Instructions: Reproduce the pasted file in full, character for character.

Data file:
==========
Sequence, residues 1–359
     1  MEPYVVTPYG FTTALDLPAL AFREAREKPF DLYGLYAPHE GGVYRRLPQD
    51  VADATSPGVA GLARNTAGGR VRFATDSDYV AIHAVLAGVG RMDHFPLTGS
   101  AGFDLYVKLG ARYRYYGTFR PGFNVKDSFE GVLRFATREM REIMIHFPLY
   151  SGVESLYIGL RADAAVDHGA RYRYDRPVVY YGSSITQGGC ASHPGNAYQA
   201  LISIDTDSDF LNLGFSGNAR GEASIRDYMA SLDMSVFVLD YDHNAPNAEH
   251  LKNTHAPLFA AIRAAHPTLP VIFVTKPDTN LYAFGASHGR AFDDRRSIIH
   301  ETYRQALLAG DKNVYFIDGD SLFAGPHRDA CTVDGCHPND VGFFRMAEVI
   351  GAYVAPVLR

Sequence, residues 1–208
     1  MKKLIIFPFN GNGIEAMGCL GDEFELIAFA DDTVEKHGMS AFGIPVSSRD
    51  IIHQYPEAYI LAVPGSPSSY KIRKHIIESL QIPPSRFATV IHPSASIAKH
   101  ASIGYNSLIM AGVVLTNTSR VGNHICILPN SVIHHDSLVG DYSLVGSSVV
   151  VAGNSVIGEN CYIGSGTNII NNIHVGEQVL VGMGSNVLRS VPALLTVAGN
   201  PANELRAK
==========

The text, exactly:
Sequence, residues 1–359
     1  MEPYVVTPYG FTTALDLPAL AFREAREKPF DLYGLYAPHE GGVYRRLPQD
    51  VADATSPGVA GLARNTAGGR VRFATDSDYV AIHAVLAGVG RMDHFPLTGS
   101  AGFDLYVKLG ARYRYYGTFR PGFNVKDSFE GVLRFATREM REIMIHFPLY
   151  SGVESLYIGL RADAAVDHGA RYRYDRPVVY YGSSITQGGC ASHPGNAYQA
   201  LISIDTDSDF LNLGFSGNAR GEASIRDYMA SLDMSVFVLD YDHNAPNAEH
   251  LKNTHAPLFA AIRAAHPTLP VIFVTKPDTN LYAFGASHGR AFDDRRSIIH
   301  ETYRQALLAG DKNVYFIDGD SLFAGPHRDA CTVDGCHPND VGFFRMAEVI
   351  GAYVAPVLR

Sequence, residues 1–208
     1  MKKLIIFPFN GNGIEAMGCL GDEFELIAFA DDTVEKHGMS AFGIPVSSRD
    51  IIHQYPEAYI LAVPGSPSSY KIRKHIIESL QIPPSRFATV IHPSASIAKH
   101  ASIGYNSLIM AGVVLTNTSR VGNHICILPN SVIHHDSLVG DYSLVGSSVV
   151  VAGNSVIGEN CYIGSGTNII NNIHVGEQVL VGMGSNVLRS VPALLTVAGN
   201  PANELRAK